The International Union of Theoretical and Applied Mechanics and Elsevier jointly announced the award of the 2020 Rodney Hill Prize in Solid Mechanics to Professor Vikram Sudhir Deshpande.
There is one thing we know we impact and that is the students we help nurture. The impact that our students will make on the world is great, and this is what I feel satisfied with every day, irrespective of my research.Vikram Deshpande, Professor in Materials Engineering
Vikram Deshpande is Professor in Materials Engineering at the Department of Engineering, University of Cambridge. After obtaining a B.Tech. from the Indian Institute of Technology, he moved to Cambridge University, where he received his Ph.D. in Engineering in 1998. During his distinguished career, Deshpande has made seminal contributions in mechanics of materials, ranging from the design of micro-architectured materials to modelling soft and active materials. He is the world-leading authority in his generation in the emerging subject of microstructural mechanics. His research output is prodigious, with a steeply rising profile, and he combines deep theoretical understanding with insightful experiments to unravel complex phenomena over a wide range of topics. These range from the impact on structures by the shock waves within a sand blast to the role of entropic forces in cell mechano-transduction. A number of high-profile international researchers have worked with him, and in many of these collaborations he took the intellectual lead. Deshpande’s breadth of interests, theoretical and experimental skills, and general influence on solid mechanics research worldwide make him one of the strongest contemporary contributors to the field.
An interview with Professor Vikram Deshpande:
Please tell us about your career path to date.
I was an engineering undergraduate at the Indian Institute of Technology, Bombay. I came to Cambridge as a PhD student with Professor David Cebon in 1994. My research field was quite different in those days. I was in the Transportation Group, but I started working on problems in Materials. My work with David laid the foundation for my research career. After my PhD I got a Research Fellowship at Pembroke College and that is when my collaboration with Professor Norman Fleck started which has continued extensively to date.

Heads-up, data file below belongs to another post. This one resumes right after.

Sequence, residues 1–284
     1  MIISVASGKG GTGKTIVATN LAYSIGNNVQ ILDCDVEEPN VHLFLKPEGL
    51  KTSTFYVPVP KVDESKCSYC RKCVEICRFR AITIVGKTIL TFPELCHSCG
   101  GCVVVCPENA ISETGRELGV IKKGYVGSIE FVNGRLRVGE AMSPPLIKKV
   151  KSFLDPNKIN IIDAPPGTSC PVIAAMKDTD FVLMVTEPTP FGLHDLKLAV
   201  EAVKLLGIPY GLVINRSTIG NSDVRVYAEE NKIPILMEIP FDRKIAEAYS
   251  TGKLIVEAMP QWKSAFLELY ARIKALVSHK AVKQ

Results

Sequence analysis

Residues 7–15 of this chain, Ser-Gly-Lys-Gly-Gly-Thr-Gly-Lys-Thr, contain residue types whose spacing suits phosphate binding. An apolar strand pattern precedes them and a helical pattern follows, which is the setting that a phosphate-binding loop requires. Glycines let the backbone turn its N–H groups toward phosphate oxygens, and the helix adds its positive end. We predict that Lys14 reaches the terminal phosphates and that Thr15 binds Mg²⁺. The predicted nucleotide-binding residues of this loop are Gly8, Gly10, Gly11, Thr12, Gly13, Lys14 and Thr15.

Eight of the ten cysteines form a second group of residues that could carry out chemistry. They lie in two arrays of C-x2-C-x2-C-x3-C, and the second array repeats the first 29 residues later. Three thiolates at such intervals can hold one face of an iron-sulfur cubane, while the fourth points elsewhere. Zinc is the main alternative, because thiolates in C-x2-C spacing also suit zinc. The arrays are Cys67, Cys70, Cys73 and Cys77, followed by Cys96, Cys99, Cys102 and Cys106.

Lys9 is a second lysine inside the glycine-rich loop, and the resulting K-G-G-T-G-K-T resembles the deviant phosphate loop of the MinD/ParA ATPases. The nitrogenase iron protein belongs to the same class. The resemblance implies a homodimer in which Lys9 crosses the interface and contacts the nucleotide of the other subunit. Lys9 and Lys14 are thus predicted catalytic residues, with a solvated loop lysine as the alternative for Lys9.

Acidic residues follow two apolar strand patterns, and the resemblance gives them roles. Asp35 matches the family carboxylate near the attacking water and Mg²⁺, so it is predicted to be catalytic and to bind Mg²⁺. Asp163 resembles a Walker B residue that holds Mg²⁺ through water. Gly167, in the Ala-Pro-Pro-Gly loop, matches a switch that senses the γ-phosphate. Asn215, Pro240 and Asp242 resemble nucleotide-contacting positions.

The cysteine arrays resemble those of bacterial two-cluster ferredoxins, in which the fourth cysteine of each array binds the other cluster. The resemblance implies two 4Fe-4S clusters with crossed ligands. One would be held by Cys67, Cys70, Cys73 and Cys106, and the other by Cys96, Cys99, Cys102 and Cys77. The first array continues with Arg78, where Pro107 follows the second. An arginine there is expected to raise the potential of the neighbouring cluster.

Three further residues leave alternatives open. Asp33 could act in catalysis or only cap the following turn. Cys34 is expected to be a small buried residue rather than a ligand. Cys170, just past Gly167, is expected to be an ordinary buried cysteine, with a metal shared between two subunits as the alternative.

I spent a few years in the USA, a sabbatical at Brown University and another stint at the University of California at Santa Barbara. But other than that I have been mostly based here at Cambridge. I was appointed a lecturer in 2001 and promoted to Professor in 2010.
During my career, I have changed my research subjects a few times. I started in the Transportation Group, but I moved more and more into materials and mechanics. In mechanics I first started in more traditional areas e.g. energy absorbing materials, foams, engineering solids, with applications for things like blast protection and lightweight structures. Over time, I moved into small scale materials looking at things from an atomic perspective and more recently it has been mainly biological topics.
The theme of my current research is the coupling of chemistry, biology and mechanics. Biology is a wonderful example where living systems, living cells are doing chemical processes constantly but they are being modulated by mechanical forces in a very interesting way. This is where most of my current work is.
Can you give us a summary of your engineering role?
At Cambridge, our teaching terms are short and packed. I teach undergraduates from the 2nd year to the 4th year and I also hold supervisions for the engineering undergraduates at my college.
In term time it is 50/50 teaching and research, when terms end I get time to do research and have collaborations all over the world.